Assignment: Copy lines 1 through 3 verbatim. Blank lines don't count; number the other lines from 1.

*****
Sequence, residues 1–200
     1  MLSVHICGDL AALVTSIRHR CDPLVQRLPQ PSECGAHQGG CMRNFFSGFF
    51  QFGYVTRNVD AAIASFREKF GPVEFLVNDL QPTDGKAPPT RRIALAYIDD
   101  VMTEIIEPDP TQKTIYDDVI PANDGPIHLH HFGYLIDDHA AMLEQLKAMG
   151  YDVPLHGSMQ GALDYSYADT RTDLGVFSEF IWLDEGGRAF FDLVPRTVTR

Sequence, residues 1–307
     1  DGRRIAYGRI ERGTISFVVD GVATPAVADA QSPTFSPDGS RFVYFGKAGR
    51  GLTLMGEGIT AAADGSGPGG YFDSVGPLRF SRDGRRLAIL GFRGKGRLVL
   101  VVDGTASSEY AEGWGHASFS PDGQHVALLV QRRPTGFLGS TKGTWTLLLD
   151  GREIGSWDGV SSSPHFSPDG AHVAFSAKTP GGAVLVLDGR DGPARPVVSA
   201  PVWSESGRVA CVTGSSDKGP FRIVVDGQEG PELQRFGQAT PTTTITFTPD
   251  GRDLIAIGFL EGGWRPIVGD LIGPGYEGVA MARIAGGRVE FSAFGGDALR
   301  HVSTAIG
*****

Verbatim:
Sequence, residues 1–200
     1  MLSVHICGDL AALVTSIRHR CDPLVQRLPQ PSECGAHQGG CMRNFFSGFF
    51  QFGYVTRNVD AAIASFREKF GPVEFLVNDL QPTDGKAPPT RRIALAYIDD